u n u 0 strongly in L q (ℝ3)

u n u 0 a .e in 3

This implies that

3 | x | 2 b f | u n | 2 d x 3 | x | 2 b f | u 0 | 2 d x , as n goes to .

Moreover, by (G) and (2.4) we obtain

3 | x | 2 b f | u n | 2 d x > [ ( 4 q ) ( 2 q ) n u n 4 + ( 2 q ) ( 2 q ) m u n 2 ] > [ ( 4 q ) ( 2 q ) n u n 4 + ( 2 q ) ( 2 q ) m u n 2 ] u n 2 > C 1 = [ ( 2 q ) ( 2 q ) m ] 2 [ ( 4 q ) ( 2 q ) n 3 ] [ 2 ( 4 q ) ( 2 q ) n 2 ] 2

if n > 3 ( 6 q ) ( 4 q ) we get

3 | x | 2 b f | u n | 2 d x > C 1 > 0. (4.1)

This implies that

3 | x | 2 b f | u 0 | 2 d x C 1 .

Now, we prove that ( u n ) n converges to u 0 strongly in H 0 1 ( 3 ) . Suppose otherwise. Then, either u 0 < lim inf n u n . By Lemma 6 there is a unique t 0 such that ( t 0 u 0 ) N . Since

u n N , J ( u n ) J ( t u n ) , for all t 0,

we have

J ( t 0 u 0 ) < lim n J ( t 0 u n ) lim n J ( u n ) = δ ,

and this is a contradiction. Hence,

( u n ) n u 0 strongly in H 0 1 ( 3 ) .

Thus,

J ( u n ) converges to J ( u 0 ) = δ as n tends to + .

Since J ( u 0 ) = J ( | u 0 | ) and u 0 N , then by (4.1) and Lemma 3, we may assume that u 0 is a nontrivial nonnegative solution of (1.1). By the maximum principle, we conclude that u 0 > 0 .

Now, we complete the proof of Theorem 2. By Propositions 2 and Lemma 7, we obtain that (1.1) has two positive solutions u 0 + N + and u 0 N . Since N + N = , this implies that u 0 + and u 0 are distinct.

5. Proof of Theorem 3

In this section, we consider the following Nehari submanifold of N

N ρ = { u H 0 1 ( 3 ) \ { 0 } : J ( u ) , u = 0 and u ρ > 0 } .

Thus, u N ρ if and only if

( m + n u 2 ) 3 ( | x | 2 a | u | 2 ) d x 3 | x | 2 b f | u | 2 d x μ 3 g | u | q d x = 0 and u ρ > 0.

Firsly, we need the following Lemmas

Lemma 8 Under the hypothesis of theorem 3, there exist ρ 0 such that N ρ is nonempty for any μ < 0 and ρ ( 0, ρ 0 ) .

Proof. Fix u 0 H 0 1 ( 3 ) \ { 0 } and let

g ( t ) = J ( t u 0 ) , t u 0 = m t 2 u 0 2 + n t 4 u 0 4 t 2 3 | x | 2 b f | u 0 | 2 d x μ t q 3 g | u 0 | q d x .

Clearly g ( 0 ) = 0 and g ( t ) as n + . Moreover, we have

g ( 1 ) = m u 0 2 + n u 0 4 3 | x | 2 b f | u 0 | 2 d x μ 3 g | u 0 | q d x .

If u 0 μ ρ > 0 for 0 < ρ < ρ 0 = ( m | g + | 1 ) 1 / 4 ( S a ) 3 / 4 , then there exists t 0 > 0 such that g ( t 0 ) = 0 . Thus, ( t 0 u 0 ) N ρ and N ρ is nonempty for any μ < 0 .

Lemma 9 There exist M positive real such that

φ ( u ) , u < M < 0 ,

for u N ρ and any μ < 0 .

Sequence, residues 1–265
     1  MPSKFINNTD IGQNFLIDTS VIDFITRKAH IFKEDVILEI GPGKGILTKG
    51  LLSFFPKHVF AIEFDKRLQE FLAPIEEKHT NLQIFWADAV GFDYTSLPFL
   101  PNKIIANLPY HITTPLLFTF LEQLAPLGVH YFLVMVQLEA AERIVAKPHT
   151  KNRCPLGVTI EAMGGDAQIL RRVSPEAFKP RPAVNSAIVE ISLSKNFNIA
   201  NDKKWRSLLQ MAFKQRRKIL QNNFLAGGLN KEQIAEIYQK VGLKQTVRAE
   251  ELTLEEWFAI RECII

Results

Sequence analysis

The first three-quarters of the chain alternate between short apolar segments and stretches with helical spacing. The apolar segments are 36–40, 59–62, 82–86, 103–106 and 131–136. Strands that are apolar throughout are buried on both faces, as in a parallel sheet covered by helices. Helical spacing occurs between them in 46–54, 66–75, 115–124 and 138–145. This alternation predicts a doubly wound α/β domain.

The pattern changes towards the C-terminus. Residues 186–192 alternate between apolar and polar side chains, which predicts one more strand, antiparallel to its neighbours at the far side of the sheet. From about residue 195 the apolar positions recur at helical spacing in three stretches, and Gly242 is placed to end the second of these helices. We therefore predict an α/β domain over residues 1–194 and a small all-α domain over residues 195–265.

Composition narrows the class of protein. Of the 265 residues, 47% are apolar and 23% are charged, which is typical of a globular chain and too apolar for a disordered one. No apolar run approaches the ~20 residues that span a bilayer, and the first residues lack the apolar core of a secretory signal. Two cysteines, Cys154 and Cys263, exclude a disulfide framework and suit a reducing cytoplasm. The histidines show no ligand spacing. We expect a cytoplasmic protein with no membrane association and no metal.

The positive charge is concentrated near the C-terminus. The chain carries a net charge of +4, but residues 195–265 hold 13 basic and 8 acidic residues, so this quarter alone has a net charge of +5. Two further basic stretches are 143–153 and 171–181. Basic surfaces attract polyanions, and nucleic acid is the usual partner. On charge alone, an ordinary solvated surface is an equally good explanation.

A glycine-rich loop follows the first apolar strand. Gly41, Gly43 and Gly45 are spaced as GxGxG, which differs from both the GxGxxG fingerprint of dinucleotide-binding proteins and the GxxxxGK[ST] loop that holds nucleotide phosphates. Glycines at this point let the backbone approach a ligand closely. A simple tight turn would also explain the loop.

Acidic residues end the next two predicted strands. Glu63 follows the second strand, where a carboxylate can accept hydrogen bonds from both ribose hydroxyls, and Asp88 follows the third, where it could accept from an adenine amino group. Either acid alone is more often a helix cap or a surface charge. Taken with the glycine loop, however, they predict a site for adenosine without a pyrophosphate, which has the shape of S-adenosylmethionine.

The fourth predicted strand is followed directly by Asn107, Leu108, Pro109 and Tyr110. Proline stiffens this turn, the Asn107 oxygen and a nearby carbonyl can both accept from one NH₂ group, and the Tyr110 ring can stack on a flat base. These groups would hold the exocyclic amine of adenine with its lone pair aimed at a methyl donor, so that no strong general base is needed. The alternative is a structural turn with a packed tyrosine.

Proof. Let u N ρ , then by (2.3), (2.4) and the Holder inequality, allows us to write

φ ( u ) , u μ ( 2 q ) u 2 | g + | ( 4 m + 2 n u 2 ) u 2 .

Thus, if μ < 0 then we obtain that

φ ( u ) , u < 0 , for any u N ρ . (5.1)

Lemma 10 There exist r and η positive constants such that

1) we have

J ( u ) η > 0 for u = r .

2) there exists σ N ρ when σ > r , with r = u , such that J ( σ ) 0 .

Proof. We can suppose that the minima of J are realized by ( u 0 + ) and u 0 . The geometric conditions of the mountain pass theorem are satisfied. Indeed, we have

1) By (2.4), (5.1), the Holder inequality, we get

J ( u ) m ( 1 2 1 2 ) u 2 μ ( 1 q 1 2 ) | g + | u q .

Thus, for μ < 0 there exist η , r > 0 such that

J ( u ) η > 0 when r = u small .

2) Let t > 0 , then we have for all θ N ρ

J ( t θ ) = m 2 t 2 θ 2 + n 4 t 4 θ 4 1 2 t 2 Ω h | θ | 6 d x μ q t q Ω f | θ | q d x .

By the fact that b < a + 1 4 we have 2 > 4 and letting σ = t θ for t large enough, we obtain J ( σ ) 0 . For t large enough we can ensure σ > r .

Let Γ and δ defined by

Γ : = { γ : [ 0,1 ] N ρ : γ ( 0 ) = u 0 and γ ( 1 ) = u 0 + }

and

δ : = inf γ Π max t [ 0 , 1 ] ( J ( γ ( t ) ) ) .

Proof of Theorem 3.

If μ < 0 then, by the Lemmas 2 and Proposition 1 2), J verifying the Palais -Smale condition in N ρ . Moreover, from the Lemmas 3, 9 and 10, there exists u δ such that

J ( u δ ) = δ and u δ N ρ .

Thus u δ is the third solution of our system such that u δ u 0 + and u δ u 0 . Since (1.1) is odd with respect u , we obtain that u δ is also a solution of (1.1).

Acknowledgements

The author gratefully acknowledges Qassim University, represented by the Deanship of Scientific Research, on the material support for this research under the number (1026) during the academic year 1438AH/2017AD.

Cite this paper
Ould El Mokhtar, M. (2017) Multiple Solutions to the Problem of Kirchhoff Type Involving the Critical Caffareli-Kohn-Niremberg Exponent, Concave Term and Sign-Changing Weights. Applied Mathematics, 8, 1703-1714. doi: 10.4236/am.2017.811123.